Because there is room for Thomas in the Bible, there is room enough in God’s story for you and for me as well.

For we certainly are all capable of Thomas’s skepticism--aren’t we? We have our own doubts about this whole Easter/resurrection/life beyond the grave business. We stoic northern European type-Looterans, know just how to take the wind out of the sails of whoever has the audacity to get too enthusiastic about anything.

Thomas fits us like a glove. Thomas is you and me. And the Bible--miracle of miracles!--does not shrink from telling his story.

But that’s not all.

The Bible doesn’t simply make us feel at home with all the other unbelievers who dot its pages.

The Bible doesn’t merely make us into more healthy, well-adjusted unbelievers. The Bible does more than make us comfortable with our doubts.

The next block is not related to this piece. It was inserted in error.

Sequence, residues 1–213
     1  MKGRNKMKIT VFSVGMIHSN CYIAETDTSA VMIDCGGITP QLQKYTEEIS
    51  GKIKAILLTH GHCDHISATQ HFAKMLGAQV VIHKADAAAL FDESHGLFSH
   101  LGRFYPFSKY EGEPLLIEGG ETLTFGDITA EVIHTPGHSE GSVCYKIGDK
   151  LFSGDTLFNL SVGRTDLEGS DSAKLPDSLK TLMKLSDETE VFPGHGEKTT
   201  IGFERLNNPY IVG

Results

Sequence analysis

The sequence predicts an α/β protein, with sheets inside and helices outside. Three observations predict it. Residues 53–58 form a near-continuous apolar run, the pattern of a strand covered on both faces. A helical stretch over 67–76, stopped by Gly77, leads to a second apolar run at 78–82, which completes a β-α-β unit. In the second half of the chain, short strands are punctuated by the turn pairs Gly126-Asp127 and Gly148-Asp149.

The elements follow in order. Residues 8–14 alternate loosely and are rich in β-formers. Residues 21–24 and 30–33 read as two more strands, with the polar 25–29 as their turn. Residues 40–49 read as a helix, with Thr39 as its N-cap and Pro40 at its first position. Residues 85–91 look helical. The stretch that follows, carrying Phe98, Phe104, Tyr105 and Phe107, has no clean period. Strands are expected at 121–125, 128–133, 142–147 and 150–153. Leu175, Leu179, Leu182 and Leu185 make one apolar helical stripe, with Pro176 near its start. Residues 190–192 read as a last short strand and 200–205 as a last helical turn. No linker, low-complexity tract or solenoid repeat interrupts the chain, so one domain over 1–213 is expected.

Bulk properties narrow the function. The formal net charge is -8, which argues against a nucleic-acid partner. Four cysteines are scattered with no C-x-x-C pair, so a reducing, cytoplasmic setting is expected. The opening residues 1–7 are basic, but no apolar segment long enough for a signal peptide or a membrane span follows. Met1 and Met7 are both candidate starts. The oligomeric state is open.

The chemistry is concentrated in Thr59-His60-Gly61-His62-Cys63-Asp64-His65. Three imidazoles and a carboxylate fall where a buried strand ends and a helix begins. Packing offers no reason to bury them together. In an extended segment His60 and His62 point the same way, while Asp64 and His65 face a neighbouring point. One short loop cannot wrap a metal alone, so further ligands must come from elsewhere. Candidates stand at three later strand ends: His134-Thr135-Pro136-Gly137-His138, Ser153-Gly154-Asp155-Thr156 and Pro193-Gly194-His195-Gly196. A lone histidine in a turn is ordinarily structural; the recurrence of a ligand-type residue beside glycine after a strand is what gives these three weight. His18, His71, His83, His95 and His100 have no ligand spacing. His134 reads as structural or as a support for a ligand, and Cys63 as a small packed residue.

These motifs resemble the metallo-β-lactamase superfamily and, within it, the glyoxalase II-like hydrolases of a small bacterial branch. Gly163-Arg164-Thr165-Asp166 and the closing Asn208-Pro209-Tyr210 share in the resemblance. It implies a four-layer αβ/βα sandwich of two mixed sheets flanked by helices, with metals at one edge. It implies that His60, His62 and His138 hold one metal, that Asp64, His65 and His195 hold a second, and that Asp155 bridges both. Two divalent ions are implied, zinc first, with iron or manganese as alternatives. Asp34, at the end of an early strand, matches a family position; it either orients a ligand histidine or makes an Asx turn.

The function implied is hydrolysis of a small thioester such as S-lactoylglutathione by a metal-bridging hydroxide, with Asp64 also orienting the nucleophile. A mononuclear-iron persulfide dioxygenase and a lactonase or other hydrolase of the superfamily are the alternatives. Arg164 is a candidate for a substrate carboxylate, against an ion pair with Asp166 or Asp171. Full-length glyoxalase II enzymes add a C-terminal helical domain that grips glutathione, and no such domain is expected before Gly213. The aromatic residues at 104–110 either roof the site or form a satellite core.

The Bible also tells us what God does with unbelievers, how God deals with doubters.

And what God does is simply this: God turns unbelievers into gospel-speakers.

God transforms doubters into shouters.

That, too, is the story--in fact it is the real story--of this gospel text.

First Jesus comes to those ten little lost lambs on that first Easter evening. Although the doors are locked, Jesus stands among them and gives them--not a stern lecture about the dangers of unbelief--but a word of gentle peace.

“Shalom!” That’s the first word Jesus has for this pack of unbelievers. “Peace to the nth degree,” Jesus says to them. And then, so that they will know he is truly Jesus and he now has death behind him, Jesus shows them the scars of his crucifixion.

Curious--isn’t it--that Jesus doesn’t offer proof that he is alive. Jesus doesn’t strap on a blood pressure cuff or a heart monitor or a brain wave detector. He doesn’t offer a DNA sample for testing.

Jesus proves he is alive by reminding his disciples that he was really dead. Then, and only then, do the disciples rejoice, in giddy recognition of their risen Lord.

And then, not wasting a second, Jesus gives these unbelievers work to do and empowers them to do it--all in one breath (literally--all in one breath!) “Receive the Holy Spirit. If you forgive the sins of any they are forgiven them; if you retain the sins of any, they are retained.”(v. 22-23)